Leading Wisconsin Dems are leaning towards a plan to ensure that the recall election against Walker is held on the same day as the November general election in 2012. This would ensure maximum turnout among Dems in the state, making Walker's recall more likely, and provide a big boost in grassroots energy that could help Obama win a key swing state.
But Graeme Zielinski, a spokesman for Wisconsin Dems, tells me that party members have picked up private scuttlebutt from Republicans that they have another scheme in mind -- to ensure that the recall election is held on the same day in April as the GOP presidential primary.
The date of the recall election against Walker -- which everyone now seems to be talking about as a certainty -- depends on when collection of signatures starts. That means that if activists begin collecting signatures for the Walker recall right after the state senate recalls end, they'll have 60 days to hit the required number. If the end of that 60 days falls well enough before the April primary date, it's likely the recall will be scheduled for the same date.
If, however, signature collection is put off until early next year or even spring, it's more likely the recall vote would be scheduled to coincide with the November presidential election. I can see where that might benefit Democrats more than Republicans, what with Obama running for reelection and all. Still, there is some concern that waiting might stall the current recall momentum. At this point, though, I'm beginning to think that the people's anger at Walker and the GOP agenda will have only increased by next year.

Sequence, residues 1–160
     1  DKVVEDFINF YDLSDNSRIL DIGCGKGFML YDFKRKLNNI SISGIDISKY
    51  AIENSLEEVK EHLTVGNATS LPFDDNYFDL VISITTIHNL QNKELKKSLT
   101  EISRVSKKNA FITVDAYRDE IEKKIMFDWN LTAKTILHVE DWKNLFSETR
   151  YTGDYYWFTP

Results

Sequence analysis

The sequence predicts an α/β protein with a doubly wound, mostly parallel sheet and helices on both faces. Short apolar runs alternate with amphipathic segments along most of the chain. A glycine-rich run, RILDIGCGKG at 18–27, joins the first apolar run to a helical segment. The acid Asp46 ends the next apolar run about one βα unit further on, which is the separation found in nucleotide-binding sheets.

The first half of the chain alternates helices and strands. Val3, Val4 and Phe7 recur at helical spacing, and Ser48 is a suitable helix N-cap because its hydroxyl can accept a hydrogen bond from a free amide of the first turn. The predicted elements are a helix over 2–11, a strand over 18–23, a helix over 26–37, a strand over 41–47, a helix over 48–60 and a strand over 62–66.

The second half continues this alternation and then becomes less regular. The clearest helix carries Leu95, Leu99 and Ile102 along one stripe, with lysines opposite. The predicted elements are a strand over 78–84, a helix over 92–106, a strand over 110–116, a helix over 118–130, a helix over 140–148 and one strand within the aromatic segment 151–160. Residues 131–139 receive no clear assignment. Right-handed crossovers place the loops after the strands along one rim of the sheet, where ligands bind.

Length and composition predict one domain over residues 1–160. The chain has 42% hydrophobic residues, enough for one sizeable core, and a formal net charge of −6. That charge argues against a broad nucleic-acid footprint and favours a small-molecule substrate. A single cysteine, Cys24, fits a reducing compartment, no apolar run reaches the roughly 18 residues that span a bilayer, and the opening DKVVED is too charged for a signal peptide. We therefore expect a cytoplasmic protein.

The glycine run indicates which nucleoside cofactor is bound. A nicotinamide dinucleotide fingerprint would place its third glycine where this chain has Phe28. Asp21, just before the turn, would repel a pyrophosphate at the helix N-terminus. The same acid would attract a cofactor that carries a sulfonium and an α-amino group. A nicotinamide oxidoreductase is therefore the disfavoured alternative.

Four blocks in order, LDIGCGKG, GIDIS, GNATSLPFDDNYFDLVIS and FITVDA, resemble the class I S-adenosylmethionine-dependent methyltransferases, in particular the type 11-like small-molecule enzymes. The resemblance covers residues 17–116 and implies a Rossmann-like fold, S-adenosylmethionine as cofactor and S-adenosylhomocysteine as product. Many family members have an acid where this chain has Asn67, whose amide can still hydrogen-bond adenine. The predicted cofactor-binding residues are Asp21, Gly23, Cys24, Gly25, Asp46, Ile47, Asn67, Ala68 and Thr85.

And that's the only major problem I see with waiting: It gives the Republicans still more time to ram through their radical agenda, leaving an even bigger mess to be cleaned up once they're gone.
The Gogebic Taconite story did not end when the mining company said it would hold off on its plans until the state's mining laws are revised in their favor. If you live in the vicinity or want to make the trip, tonight at 6:30 p.m. GTAC president Bill Williams will be making the case for the mine at an Ashland Science on Tap event being held at the Deepwater Grille (808 Main Street West in Ashland). I can't make this meeting, but I will be doing some further research on the subject in the future, as the issue isn't likely to go away any time soon.
Sen. Ron Johnson has decided he doesn't like the way the state's federal judge nominating committee has worked for the last several decades. He's currently blocking a couple of appointments to the bench on procedural grounds, with a dash of partisan maneuvering thrown in for good measure.
Mayor Paul Soglin and other Madison officials have submitted their first big policy reaction to this year's Mifflin Street Block Party: They'd like to give police the authority to shut down any house party with a visible keg and/or that violates one of 17 existing laws. The proposal would also allow for stiff fines for party hosts, attendees and landlords. I can't help but wonder what '70s Soglin would think of this -- then again, the legal drinking age back then was still 18, so kids didn't have to go to unregulated house parties to imbibe. They just went to the bars like everyone else.